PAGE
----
In the spotlight: Hong Kong's superstar teachers

In the spotlight: Hong Kong's superstar teachers

They look and act like rock stars, and some earn the money of rock stars too. Only they teach children English
Hong Kong's King's Glory Education
Hong Kong's King's Glory Education tutor's billboard.

The pressure for youngsters to perform at school today is as high as it has ever been. In Asia this has led to a 'tutor culture,' in which specialist teachers provide private tuition to those who want, and can afford, it. Yet far from giving the continent's youngsters an edge over their tutor-less peers, it appears more successful at turning a band of young, good-looking teachers into superstars, particularly in Hong Kong. 

Studded belts and spiky hair: Hong Kong’s super tutors

A typical working day for Alan Chan begins with an hour-long recording session at a TV studio, followed by a photo shoot in designer duds. People recognize him in the streets, and his handsome face beams from billboards and bus posters. Is he a model? A Hong Kong pop idol? Not even close: Chan is an English tutor at leading 'cram school,' King’s Glory

Tutoring has become a glamorous profession, especially in Hong Kong. CNNGo spoke with Tutor King Richard Eng, who appears in celebrity glossies wearing makeup and Gucci belts and driving a yellow Lamborghini. Eng co-founded Beacon College and earns US$1.5 million a year, courtesy of drooling fan girls who convince their parents to pay for his amusing prep classes. 

What’s with the Tom Cruise tutor phenomenon? According to Dr F Shum, chief English consultant at King’s Glory, competition is keen and “appearance is important as a marketing strategy. It is the first passport for getting students into the classroom.”

Alan Chan agrees. “Take the example of David Beckham. First, the public focused on his appearance and charm, and then became interested in soccer. Students may attend my class because of my first impression, but after, what holds them is their desire to learn English,” he says. 

Cram schools also work the bribery angle. They offer cash for good grades and coupons for signing up. Hong Kong-based author Nury Vittachi was amazed to find a toy shop in Sylvan’s after-school center. His children were eager to take classes so that they could buy trinkets with 'study points.' Vittachi jokes, “Some of the gear was really cool. I’m signing up for classes myself next term.”

King’s GloryDr F Shum and Alan Chan of King’s Glory pose like action heroes on a Hong Kong bus ad.Japanese 'idol tutors' and foreigners in China

All over Asia, tutorial schools have turned to outlandish gimmicks to attract students. CNNGo reported on Idol Gaigo Gakuen, a Tokyo language academy, that brings in short-skirted idols to encourage otaku to speak English.

In China, white tutors are coveted because they bring in a mark of prestige. In a blog post about her experiences as an English teacher in Shanghai, Shakti Hurst says her school put her photo on the front page of newspapers and made her the host of an English-learning TV show. “I realized I was a marketing tool and was often the final selling point [for potential students]. I felt more like an actor than a teacher as my days were now filled with endless shooting sessions in front of lights and cameras.”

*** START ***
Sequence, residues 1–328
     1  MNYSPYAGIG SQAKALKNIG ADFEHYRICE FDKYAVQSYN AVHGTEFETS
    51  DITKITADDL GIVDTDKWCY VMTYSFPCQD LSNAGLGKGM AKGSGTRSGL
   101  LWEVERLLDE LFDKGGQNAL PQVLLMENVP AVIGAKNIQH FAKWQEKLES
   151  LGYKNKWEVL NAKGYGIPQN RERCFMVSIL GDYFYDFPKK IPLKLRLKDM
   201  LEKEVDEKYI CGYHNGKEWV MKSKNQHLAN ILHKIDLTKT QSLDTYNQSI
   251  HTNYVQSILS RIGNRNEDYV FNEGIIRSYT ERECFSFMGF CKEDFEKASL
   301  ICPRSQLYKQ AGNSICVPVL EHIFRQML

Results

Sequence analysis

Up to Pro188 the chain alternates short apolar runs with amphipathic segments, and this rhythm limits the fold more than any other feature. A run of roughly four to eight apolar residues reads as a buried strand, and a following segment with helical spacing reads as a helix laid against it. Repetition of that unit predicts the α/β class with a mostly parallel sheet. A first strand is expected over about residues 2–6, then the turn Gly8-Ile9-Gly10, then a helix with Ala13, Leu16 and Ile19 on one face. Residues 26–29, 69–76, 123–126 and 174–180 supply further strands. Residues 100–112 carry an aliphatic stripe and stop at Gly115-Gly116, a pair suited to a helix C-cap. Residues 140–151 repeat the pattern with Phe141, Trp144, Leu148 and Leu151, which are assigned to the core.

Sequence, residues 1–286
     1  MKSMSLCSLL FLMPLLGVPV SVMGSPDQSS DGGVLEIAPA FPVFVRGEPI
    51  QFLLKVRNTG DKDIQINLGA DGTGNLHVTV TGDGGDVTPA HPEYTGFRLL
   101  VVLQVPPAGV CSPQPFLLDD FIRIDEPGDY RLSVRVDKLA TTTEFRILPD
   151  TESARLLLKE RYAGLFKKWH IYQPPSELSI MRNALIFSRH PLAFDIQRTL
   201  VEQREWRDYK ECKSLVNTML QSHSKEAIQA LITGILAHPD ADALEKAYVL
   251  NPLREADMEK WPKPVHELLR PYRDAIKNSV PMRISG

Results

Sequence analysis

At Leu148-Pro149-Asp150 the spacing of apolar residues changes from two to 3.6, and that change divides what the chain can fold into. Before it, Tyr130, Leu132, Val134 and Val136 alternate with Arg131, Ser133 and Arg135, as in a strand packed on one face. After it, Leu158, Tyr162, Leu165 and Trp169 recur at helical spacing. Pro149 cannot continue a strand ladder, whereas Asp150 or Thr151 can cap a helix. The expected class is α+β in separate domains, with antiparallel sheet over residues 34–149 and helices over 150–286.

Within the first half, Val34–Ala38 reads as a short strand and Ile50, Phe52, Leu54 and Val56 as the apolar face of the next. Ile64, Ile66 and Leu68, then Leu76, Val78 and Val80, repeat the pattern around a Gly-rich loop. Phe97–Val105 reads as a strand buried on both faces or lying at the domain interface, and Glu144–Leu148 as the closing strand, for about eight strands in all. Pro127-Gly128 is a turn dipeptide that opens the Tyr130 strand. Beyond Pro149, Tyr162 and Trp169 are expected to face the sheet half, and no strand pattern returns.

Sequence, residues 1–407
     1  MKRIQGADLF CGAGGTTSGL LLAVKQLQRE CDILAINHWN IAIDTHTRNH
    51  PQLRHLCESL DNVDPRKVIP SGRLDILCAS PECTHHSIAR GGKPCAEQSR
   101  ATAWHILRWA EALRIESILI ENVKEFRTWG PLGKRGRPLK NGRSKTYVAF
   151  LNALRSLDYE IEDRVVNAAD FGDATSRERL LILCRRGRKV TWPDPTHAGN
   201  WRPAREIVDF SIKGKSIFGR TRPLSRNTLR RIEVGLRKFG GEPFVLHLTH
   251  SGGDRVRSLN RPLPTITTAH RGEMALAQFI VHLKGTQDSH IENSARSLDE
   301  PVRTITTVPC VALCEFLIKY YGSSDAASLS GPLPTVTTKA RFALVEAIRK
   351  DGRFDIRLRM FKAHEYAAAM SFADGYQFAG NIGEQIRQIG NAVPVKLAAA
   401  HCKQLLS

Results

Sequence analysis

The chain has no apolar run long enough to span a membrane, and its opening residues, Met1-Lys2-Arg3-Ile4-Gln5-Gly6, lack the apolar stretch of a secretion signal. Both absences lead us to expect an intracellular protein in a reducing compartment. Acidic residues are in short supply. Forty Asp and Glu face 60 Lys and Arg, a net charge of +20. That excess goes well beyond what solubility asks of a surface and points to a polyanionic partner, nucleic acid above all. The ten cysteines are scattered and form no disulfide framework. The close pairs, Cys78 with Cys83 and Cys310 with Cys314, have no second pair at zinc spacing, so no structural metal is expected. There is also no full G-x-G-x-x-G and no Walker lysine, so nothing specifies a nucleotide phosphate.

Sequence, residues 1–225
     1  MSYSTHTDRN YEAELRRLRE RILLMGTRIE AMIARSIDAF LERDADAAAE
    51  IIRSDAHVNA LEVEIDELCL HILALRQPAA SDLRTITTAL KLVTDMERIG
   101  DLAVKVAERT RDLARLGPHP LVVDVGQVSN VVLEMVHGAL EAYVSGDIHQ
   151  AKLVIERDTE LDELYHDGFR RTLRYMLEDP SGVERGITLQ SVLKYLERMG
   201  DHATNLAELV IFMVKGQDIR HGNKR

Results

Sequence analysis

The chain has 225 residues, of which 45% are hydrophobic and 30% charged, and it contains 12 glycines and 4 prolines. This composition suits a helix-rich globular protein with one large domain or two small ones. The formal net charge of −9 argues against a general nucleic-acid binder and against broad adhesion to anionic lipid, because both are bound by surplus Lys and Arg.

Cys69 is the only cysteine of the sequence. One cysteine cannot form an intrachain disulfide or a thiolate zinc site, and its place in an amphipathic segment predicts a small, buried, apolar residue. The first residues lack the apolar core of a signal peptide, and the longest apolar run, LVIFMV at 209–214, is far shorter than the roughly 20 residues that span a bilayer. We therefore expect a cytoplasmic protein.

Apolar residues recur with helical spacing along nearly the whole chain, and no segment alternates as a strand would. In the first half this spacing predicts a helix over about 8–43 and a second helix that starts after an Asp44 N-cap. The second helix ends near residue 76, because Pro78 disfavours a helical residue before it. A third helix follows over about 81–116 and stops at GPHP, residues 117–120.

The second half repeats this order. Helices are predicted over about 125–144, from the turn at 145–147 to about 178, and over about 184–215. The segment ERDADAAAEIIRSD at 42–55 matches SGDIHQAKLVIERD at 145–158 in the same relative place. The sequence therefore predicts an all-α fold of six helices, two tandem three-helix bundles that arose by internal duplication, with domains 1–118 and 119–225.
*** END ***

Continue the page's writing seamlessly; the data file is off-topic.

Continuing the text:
Scandal and drama: The future of super-tutors

John Skutlin, an American who has taught in Japan for three years and participates in otaku culture, thinks gimmicks such as cute girls can be effective as teaching tools. “If a solid foundation of ESL education can be established, the relaxing atmosphere and motivation for learning provided by the idols could offer hope for those shy Akiba types, and give them the boost they need.” 

However, a few bad boys have already put a black mark on the industry. Hong Kong’s K. Oten claimed to have an A on his English college entry exam, but actually scored a D on his first try. He was dismissed by King’s Glory in April 2006 for violating his employment contract, eventually paying HK$8.9 million in damages. In May 2008, the Independent Commission Against Corruption began investigating claims that Oten bought exam papers and texted answers to students. 

When I allude to the incident, Oten’s former employer Dr Shum says, “Some people start making money and become too proud, and think they can get away with certain behaviors. I’m not going to comment on the person you mentioned except that he deserved what he got.”

Expect to read about tutor scandals in the tabloids for some time. Dr Shum predicts that as the overall student population decreases, cram schools will have to leverage every possible angle to fill classrooms -- no matter how sensational. 

La Carmina writes about Harajuku pop culture and all things spooky-cute. She is the author of three books about Japanese pop culture and food, including "Cute Yummy Time" and "Crazy Wacky Theme Restaurants: Tokyo" -- for which she did all the photos and illustrations. Both books were released in October, accompanied by a U.S. major city book tour.

For more, please visit her website.

Read more about La Carmina